2 April 2016 – The Ethereum community has voiced its concerns about the legitimacy and functionality of ride sharing app Arcade City in an AMA with its founder, Christopher David. The AMA follows a medium post from one of his previous associates accusing David of being a fraudster that has since been taken down, and the AMA seems to be doing little to address concerns surrounding the fraud accusations, and raises more questions as to the future and legitimacy of Arcade City.
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Arcade City CEO Fails to Address Community Backlash
The Medium post, an archived version of which can be found here, details Christopher David’s political career, A name change, and failure to pay debts surrounding his various startups and political activity. Naturally, the Redditors’ questions tend to gravitate towards these accusations, and David’s responses do little to address their concerns. His responses are mainly to unrelated questions, and what response he gives on the subject are dismissive. However, Concerns with Arcade City’s lack of decentralization and Ethereum implementation also came to light. In summary, the current implementation of the ridesharing app is entirely centralized, and plans to move it to an Ethereum infrastructure are largely far in the future. Redditor questions on the subject include:
“You mention there is a 10% fee on credit card payments. That means Arcade City isn’t a DAO. I’m not sure what is the opinion of thecommunity about this one topic.”
“How is your business plan substantially different from Uber or Lyft beyond letting people set their own rates (something which has already been tried by Sidecar, who went out of business), and beyond the ability to schedule rides (something which other competitors already do)?”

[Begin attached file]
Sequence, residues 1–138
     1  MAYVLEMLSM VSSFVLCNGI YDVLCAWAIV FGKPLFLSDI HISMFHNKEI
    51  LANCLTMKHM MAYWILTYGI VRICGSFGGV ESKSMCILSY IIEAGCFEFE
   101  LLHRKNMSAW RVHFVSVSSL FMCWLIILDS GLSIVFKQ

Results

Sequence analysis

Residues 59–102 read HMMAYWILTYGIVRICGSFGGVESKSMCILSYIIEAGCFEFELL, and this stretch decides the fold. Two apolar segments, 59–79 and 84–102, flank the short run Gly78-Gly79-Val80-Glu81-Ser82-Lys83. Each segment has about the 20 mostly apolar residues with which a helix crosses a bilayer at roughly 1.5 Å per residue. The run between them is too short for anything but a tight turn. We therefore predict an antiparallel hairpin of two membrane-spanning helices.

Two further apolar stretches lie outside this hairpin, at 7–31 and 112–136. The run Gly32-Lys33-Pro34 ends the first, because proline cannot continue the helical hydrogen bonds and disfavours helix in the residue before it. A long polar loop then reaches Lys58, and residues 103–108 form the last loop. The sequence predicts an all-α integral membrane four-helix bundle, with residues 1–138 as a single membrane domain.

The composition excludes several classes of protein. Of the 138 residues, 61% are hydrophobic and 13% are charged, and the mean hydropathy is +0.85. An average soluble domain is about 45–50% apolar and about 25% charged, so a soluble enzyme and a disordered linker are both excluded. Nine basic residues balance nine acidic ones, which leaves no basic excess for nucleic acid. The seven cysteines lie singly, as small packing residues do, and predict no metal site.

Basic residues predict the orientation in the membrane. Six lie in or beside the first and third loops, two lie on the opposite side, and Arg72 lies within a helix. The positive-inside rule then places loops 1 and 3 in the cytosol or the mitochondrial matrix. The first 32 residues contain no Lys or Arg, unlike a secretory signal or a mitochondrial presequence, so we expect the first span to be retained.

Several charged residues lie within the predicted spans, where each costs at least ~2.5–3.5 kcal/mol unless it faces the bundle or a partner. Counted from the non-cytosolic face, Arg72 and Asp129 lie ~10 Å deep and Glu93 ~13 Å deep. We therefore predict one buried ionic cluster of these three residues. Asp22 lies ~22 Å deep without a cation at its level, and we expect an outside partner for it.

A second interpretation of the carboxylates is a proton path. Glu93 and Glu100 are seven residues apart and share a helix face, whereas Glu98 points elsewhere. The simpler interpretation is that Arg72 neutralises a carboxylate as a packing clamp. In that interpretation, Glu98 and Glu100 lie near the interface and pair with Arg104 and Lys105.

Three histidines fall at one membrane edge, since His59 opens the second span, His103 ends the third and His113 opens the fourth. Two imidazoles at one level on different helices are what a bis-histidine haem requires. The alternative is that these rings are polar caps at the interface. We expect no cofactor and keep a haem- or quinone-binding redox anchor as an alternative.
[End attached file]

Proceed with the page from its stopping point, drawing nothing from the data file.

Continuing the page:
“Why do you keep saying that AC is decentralized when it’s just an Uber clone, with a central server which you will use to collect fees from drivers, exactly the same as Uber. There’s nothing decentralized in one central entity collecting 10%(or whatever) of all drivers earnings.
I see no problem in you collecting fees, if you want. The problem is that you keep saying that this business model is decentralized when it’s not. The same middle man problem as Uber. I think you don’t actually know what decentralized means.”
“To my knowledge, [Arcade City] have not written a single line of Solidity code. All they have right now is a regular phone app.”
These Questions have yet to be addressed by Arcade City or Christopher David. With the rise of Dapps and other full blockchain functionality coming out of the woodwork recently, The AMA has done little to increase faith in the startup’s offering. Hopefully, AC will address concerns like these and prove naysayers wrong in future releases, but as it stands now skepticism is the order of the day. As blockchain business reaches saturation, offering competitive services is an absolute must, and getting a community plagued with scamming and pump-and-dumps behind you will always be difficult. However, David’s handling of the situation is rightly raising some red flags.
This turn of events regarding David’s past dealings and Arcade City’s lack of decentralization is a cautionary tale for blockchain startups and speculators. A large percentage of startups fail, and in the increasingly competitive blockchain ecosystem, transparency, credibility, and differentiation are the key to success. Arcade City depends on smart contracts to circumvent the overhead of juggernauts Uber and Lyft, and without functionality or credible management on their side, the future is looking grim for them.
Where do you see Arcade City after this AMA? Let us Know in the Comments!
Images Courtesy of Arcade City